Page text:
The Strain Recap: Fonescu d’État

The Strain. Photo: FX
The Strain
The Strain
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Romance really accelerates in the apocalypse. Gus barely swapped spit with Aanya, and he’s already calling her Baby. Specifically, to reassure her that “it’s okay, Baby,” even though Quinlan’s got his mitts clenched tight around his windpipe. After the two settle down, Quinlan explains that if Gus really wants to protect his new lady, he’ll let the Guptas go their own way toward escaping the city while they pursue the Master as a duo.

It’s not only Quinlan who serves reminders about team spirit. Even Angel implores the Guptas to heed Gus’s warning and abandon the family restaurant for safer terrain. And during Eichhorst’s impromptu visit to Stoneheart — a gesture that really gets under Eldritch’s septuagenarian skin (which we’ve now seen entirely too much of) — Eichhorst cautions Mr. Palmer that they ration tempers and stay on track. Turns out the Master’s none too pleased with the explosion at their Throggs Neck facility. Palmer has a week to get the place up and humming again, or else there might be greater repercussions than his undead messenger rudely interrupting a day at the office with sweet, sweet Coco.

But is Coco that sweet, or plotting some kind of subterfuge? There’s still little in the way of hard evidence, though we have been invited to interpret the occasional requisite lingering shot of her face in hard contemplation. And there was the matter of that tossed-off remark about having not felt safe for some time. Those are the kinds of visual and scripted asides that could be pieced together as cues in retrospect once her full intentions are revealed. For now Palmer will merely have to take it under advisement that keeping things from Coco Marchand means no nookie for a restless evil billionaire.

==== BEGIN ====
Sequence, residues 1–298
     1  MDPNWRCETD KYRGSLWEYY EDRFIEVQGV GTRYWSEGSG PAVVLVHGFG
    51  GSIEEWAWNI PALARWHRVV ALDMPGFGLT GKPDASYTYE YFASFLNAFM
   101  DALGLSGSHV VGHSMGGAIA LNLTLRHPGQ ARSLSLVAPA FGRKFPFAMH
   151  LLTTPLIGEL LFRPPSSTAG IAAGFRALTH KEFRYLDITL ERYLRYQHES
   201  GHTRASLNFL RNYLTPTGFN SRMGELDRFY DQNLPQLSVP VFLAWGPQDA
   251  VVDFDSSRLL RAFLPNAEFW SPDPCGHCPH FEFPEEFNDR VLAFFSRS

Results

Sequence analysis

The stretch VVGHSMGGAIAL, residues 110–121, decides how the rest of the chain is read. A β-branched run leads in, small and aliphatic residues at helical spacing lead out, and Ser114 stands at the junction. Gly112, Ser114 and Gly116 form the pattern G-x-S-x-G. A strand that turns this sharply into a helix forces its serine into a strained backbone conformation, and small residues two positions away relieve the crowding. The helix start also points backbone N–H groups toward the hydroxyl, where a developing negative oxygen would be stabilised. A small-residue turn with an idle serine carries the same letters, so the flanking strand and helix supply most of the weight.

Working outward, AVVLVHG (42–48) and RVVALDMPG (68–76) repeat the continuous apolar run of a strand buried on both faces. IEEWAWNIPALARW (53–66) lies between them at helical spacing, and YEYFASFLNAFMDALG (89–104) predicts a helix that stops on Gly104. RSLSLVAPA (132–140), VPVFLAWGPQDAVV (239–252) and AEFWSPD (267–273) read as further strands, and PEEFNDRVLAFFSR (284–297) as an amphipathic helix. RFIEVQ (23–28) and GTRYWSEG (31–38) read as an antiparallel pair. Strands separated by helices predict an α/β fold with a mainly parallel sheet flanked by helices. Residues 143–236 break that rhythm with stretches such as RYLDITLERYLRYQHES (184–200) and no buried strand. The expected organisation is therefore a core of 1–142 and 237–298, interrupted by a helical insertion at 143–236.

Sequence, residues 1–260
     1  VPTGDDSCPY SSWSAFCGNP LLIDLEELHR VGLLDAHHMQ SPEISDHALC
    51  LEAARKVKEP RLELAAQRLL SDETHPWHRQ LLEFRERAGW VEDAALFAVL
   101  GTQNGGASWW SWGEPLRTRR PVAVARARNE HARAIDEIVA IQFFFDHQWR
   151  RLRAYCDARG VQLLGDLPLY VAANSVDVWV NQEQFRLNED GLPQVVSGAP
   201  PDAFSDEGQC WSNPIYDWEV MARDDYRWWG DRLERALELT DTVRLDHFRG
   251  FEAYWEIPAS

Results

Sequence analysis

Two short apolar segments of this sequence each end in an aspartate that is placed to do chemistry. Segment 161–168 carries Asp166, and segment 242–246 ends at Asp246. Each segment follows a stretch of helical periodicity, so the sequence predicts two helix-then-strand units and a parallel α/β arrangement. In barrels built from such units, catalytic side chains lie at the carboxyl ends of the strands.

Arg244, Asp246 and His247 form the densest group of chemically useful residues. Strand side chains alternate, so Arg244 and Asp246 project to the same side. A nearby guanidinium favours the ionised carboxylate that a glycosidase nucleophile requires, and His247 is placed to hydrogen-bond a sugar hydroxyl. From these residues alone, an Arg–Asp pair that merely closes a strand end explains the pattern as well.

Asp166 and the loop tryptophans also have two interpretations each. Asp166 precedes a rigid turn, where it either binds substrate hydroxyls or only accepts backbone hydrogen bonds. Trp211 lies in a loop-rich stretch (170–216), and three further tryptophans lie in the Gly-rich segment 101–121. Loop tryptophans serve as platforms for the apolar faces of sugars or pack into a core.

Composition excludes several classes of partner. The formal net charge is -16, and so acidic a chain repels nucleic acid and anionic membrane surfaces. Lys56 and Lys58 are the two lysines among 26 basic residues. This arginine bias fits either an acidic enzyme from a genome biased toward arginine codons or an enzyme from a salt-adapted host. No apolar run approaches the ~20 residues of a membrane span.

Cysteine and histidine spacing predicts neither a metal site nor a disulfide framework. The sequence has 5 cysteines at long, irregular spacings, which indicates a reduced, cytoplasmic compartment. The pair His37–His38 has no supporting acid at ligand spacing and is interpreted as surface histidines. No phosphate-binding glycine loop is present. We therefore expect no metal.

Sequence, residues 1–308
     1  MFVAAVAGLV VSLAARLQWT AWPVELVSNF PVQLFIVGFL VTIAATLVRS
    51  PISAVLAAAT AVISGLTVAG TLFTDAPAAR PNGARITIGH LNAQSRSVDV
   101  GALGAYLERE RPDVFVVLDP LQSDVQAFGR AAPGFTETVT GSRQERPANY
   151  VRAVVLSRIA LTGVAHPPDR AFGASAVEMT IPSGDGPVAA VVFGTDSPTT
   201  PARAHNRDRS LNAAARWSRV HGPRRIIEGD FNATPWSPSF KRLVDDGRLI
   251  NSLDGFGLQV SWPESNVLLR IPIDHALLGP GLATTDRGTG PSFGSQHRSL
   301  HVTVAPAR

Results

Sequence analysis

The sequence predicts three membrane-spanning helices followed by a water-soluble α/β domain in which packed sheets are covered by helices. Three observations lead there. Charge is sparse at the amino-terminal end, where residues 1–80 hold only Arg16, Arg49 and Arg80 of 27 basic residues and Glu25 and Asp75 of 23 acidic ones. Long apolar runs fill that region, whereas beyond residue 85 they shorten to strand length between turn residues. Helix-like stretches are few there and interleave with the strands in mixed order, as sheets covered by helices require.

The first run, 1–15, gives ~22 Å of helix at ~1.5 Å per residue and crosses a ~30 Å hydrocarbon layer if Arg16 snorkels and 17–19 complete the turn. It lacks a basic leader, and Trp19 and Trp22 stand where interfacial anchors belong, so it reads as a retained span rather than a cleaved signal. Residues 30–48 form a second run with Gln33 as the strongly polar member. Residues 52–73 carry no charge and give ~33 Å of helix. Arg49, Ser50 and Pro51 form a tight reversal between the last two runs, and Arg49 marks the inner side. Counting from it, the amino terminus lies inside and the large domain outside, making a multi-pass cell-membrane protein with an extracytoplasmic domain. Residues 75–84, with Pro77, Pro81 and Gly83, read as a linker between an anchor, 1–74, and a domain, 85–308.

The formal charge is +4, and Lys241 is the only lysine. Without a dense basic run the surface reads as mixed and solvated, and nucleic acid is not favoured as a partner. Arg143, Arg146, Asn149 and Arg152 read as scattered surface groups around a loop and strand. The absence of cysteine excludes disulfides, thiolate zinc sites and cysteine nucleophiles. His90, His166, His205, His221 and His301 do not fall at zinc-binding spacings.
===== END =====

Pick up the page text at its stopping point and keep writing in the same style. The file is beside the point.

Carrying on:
In general, whether you’re trying to save the world or destroy it, it’s best to keep an open dialogue among those in your circle. Nora doesn’t exactly warm up to Eph when he stays mum about what went down in D.C. Then again, she’s almost too forgiving when he finally comes clean. Nora hasn’t really had much to do this season, period, as Eph continues on his journey of self-destruction and discovery. Ever since they perfected the antivirus, she’s mostly bunkered down in Fet’s loft while answering the bell to blast away some baddies, particularly Kelly and her feelers. Fitting that even now, she’s fighting with Eph’s late wife for his attention.

In fairness, it was Nora who finally gave Eph a talking to about neglecting Zach and sending him mixed messages. Too little, too late, though, as the angsty preteen defied his father’s orders to avoid the creature masquerading as Mama by letting her into their house when she came a-knocking. Zach quickly realized that he erred in judgment, and he’s lucky Eph and Nora found creative ways to annihilate the Cronenberg-ian mutated blind kids (yep, a sentence one could only utter in relation to The Strain). And what about that squirrelly rascal who dove in front of Kelly and took a silver bullet for her, huh? Now, that’s loyalty.